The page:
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Abstract & Commentary
Source: Wik L, et al. Delaying defibrillation to give basic cardiopulmonary resuscitation to patients with out-of-hospital ventricular fibrillation—A randomized trial. JAMA 2003;289: 1389-1395.
Early defibrillation has been shown to markedly improve survival rates for patients who suffer sudden cardiac arrest from ventricular fibrillation (VF) and pulseless ventricular tachycardia (VT). As a result, immediate defibrillation has been recommended as a part of ACLS guidelines for VF and VT.1 However, the chance for successful defibrillation and conversion to a perfusing cardiac rhythm drops precipitously with time delay. Animal studies have suggested that, in cases of prolonged VF/VT, a short period of cardiopulmonary resuscitation (CPR) prior to defibrillation may "prepare" the myocardium and improve conversion rates for defibrillation.
In this European study, investigators randomized 200 out-of-hospital VF/VT cardiac arrest victims to immediate defibrillation and standard cardiac arrest care (96 patients in the standard group) vs. three minutes of CPR prior to defibrillation (104 patients in the CPR-first group) performed by responding emergency medical services (EMS) personnel. The authors report no differences between the two groups in terms of the primary outcome measure (survival to hospital discharge), or secondary outcome measures (hospital admission after return of spontaneous circulation [ROSC], neurologic outcome, and one-year survival).
The investigators then compared the standard and CPR-first groups by EMS response time. With response times of five minutes or less (81 patients), there again was no difference found between the standard and CPR-first groups in terms of survival to hospital discharge, ROSC or one-year survival. However, with response times greater than five minutes (119 patients), there was a significant improvement in the CPR-first group in terms of survival to discharge (22% vs 4%), ROSC (58% vs 38%), and one-year survival (20% vs 4%) when compared with standard care.
In the data analysis, the authors also determined that the benefit of three minutes of CPR prior to defibrillation improved with longer EMS response times. Calculated odds ratios for survival favoring CPR-first were 0.4 for a less than one minute response time, three for a seven-minute response time, and 6.1 for a nine-minute response time.
Based on their findings, the authors conclude that, compared with standard care for VF/VT, CPR first offered no advantage. However, for VF/VT patients with EMS response times greater than five minutes, CPR first did confer a significant improvement in outcome and survival.
Commentary by Theodore C. Chan, MD, FACEP
In this randomized study, the authors found that three minutes of CPR for VF/VT out-of-hospital victims improved outcomes in those with EMS response times greater than five minutes. Just as important, the authors demonstrated that the CPR-first approach had no detrimental impact on those with response times less than five minutes or on the entire group of VF/VT victims.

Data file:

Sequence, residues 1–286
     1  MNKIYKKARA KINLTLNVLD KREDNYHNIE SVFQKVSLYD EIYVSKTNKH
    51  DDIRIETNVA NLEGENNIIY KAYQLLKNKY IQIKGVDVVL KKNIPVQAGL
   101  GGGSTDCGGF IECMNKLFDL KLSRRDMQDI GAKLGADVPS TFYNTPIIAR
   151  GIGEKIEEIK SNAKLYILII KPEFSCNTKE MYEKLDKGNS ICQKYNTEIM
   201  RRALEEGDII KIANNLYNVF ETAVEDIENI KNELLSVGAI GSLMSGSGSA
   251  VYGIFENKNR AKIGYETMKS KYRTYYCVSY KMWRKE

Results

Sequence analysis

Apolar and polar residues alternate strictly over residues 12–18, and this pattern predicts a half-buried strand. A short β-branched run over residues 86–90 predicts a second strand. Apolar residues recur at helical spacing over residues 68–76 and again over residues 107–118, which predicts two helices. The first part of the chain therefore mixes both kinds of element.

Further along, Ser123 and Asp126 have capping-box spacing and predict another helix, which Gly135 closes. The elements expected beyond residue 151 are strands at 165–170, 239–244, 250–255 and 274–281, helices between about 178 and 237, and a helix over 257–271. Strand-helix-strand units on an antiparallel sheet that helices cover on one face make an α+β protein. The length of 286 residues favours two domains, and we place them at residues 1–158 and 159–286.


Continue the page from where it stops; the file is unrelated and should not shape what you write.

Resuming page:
The idea that CPR may "prepare" the myocardium or "coarsen" VF and improve countershock success has been suggested in animal studies, as well as before-after studies in human victims.2,3 However, this is oneof the earliest randomized studies comparing immediate countershock to CPR-first prior to defibrillation in out-of-hospital VF/VT victims. Not only did the authors find this method to benefit survival in cases of longer response times, but also found excellent neurologic outcomes for the survivors (89% with minimal or no neurologic deficits) with no difference in either group. This finding suggests that CPR prior to defibrillation did not result in more survivors with significant neurologic impairment; that is, more "saves" did not come at the expense of worse neurologic status. It is worth noting that this study was performed in Europe, where physicians staff many of the EMS crews (nearly one-quarter of patients in this study were attended by a physician in the field). In addition, EMS response times do not necessarily reflect overall victim downtime, which is likely the more critical time element for overall survival. More than half the victims in each group received bystander CPR, and it is unclear what impact such efforts may have had on the differences between the CPR-first and standard care groups. Just as important, while use of lidocaine and epinephrine were no different between the two groups, it is unclear what impact newer agents, such as amiodarone, or efforts such as public access defibrillation, may have on the findings of this study.
Dr. Chan, Associate Clinical Professor of Medicine, Emergency Medicine, University of California, San Diego, is on the Editorial Board of Emergency Medicine Alert.
1. American Medical Association. Guidelines 2000 for cardiopulmonary resuscitation and cardiovascular care: An international consensus on science. Circulation 2000;102:supplement.
2. Niemann JT, et al. Treatment of prolonged ventricular fibrillation: Immediate countershock versus high-dose epinephrine and CPR preceding countershock. Circulation 1992;85:281.
3. Cobb LA, et al. Influence of cardiopulmonary resuscitation prior to defibrillation in patients with out-of-hospital ventricular fibrillation. JAMA 1999;281:1182.